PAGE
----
Subscribe to our free daily newsletters
. 24/7 Space News .




Subscribe to our free daily newsletters



Spirit Looks Down Into Crater After Reaching Rim

On the 66th martian day, or sol, of its mission, the Mars Exploration Rover Spirit finished a drive and sent back this navigation camera image mosaic revealing "Bonneville" crater in its entirety.
Mars Desks
  • 1024x768   - 800x600
  • 1800x1200 - 1280x1024
  • Pasadena (JPL) Mar 11, 2004
    NASA's Spirit has begun looking down into a crater it has been approaching for several weeks, providing a view of what's below the surrounding surface.

    Spirit has also been looking up, seeing stars and the first observation of Earth from the surface of another planet. Its twin, Opportunity, has shown scientists a "mother lode" of hematite now considered a target for close-up investigation.

    "It's been an extremely exciting and productive week for both of the rovers," said Spirit Mission Manager Jennifer Trosper at NASA's Jet Propulsion Laboratory, Pasadena, Calif.

    Dr. Chris Leger, a rover driver at JPL, said, "The terrain has been getting trickier and trickier as we've gotten close to the crater. The slopes have been getting steeper and we have more rocks." Spirit has now traveled a total of 335 meters (1,099 feet).

    Spirit's new position on the rim of the crater nicknamed "Bonneville" offers a vista in all directions, including the crater interior. The distance to the opposite rim is about the length of two football fields, nearly 10 times the diameter of Opportunity's landing-site crater halfway around the planet from Spirit.

    Initial images from Spirit's navigation camera do not reveal any obvious layers in "Bonneville's" inner wall, but they do show tantalizing clues of rock features high on the far side, science-team member Dr. Matt Golombek of JPL said at a news briefing today.

    "This place where we've just arrived has opened up, and it's going to take us a few days to get our arms around it."

    Scientists anticipate soon learning more about the crater from Spirit's higher-resolution panoramic camera and the miniature thermal emission spectrometer, both of which can identify minerals from a distance. They will use that information for deciding whether to send Spirit down into the crater.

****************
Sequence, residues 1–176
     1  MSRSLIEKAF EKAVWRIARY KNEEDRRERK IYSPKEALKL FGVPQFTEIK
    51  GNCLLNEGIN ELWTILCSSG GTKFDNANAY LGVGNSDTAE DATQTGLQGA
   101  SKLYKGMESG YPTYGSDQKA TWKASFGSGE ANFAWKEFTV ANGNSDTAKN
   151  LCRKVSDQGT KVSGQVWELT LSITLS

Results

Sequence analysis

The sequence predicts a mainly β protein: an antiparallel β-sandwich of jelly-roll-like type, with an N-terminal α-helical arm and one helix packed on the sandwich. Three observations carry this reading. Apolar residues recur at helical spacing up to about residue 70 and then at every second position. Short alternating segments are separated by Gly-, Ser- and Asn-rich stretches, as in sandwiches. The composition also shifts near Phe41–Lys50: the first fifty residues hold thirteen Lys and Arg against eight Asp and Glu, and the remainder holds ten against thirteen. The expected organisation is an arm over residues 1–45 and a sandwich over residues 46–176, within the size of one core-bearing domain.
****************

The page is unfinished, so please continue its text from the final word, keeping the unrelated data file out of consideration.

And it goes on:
From the crater rim and during martian nighttime earlier today, Spirit took pictures of stars, including a portion of the constellation Orion. Shortly before dawn four martian days earlier, it photographed Earth as a speck of light in the morning twilight.

    The tests of rover capabilities for astronomical observations will be used in planning possible studies of Mars' atmospheric characteristics at night.

    Those studies might include estimating the amounts of dust and ice particles in the atmosphere from their effects on starlight, said Dr. Mark Lemmon, a science team member from Texas A&M University, College Station.

    Opportunity has been looking up, too. It has photographed Mars' larger moon, Phobos, passing in front of the Sun twice in the past week, and Mars' smaller moon, Deimos, doing so once.

    Opportunity's miniature thermal emission spectrometer has taken upward-looking readings of the atmospheric temperature at the same time as a similar instrument, the thermal emission spectrometer on NASA's Mars Global Surveyor orbiter, took downward-pointed readings while passing overhead.

    "They were actually looking directly along the same path," said science team member Dr. Michael Wolff of the Martinez, Ga., branch of the Space Science Institute, Boulder, Colo. The combined readings give the first full temperature profile from the top of Mars' atmosphere to the surface."

    When pointed at the ground, Opportunity's miniature thermal emission spectrometer has checked the abundance of hematite in all directions from the rover's location inside its landing-site crater. This mineral, in its coarse-grained form, usually forms in a wet environment.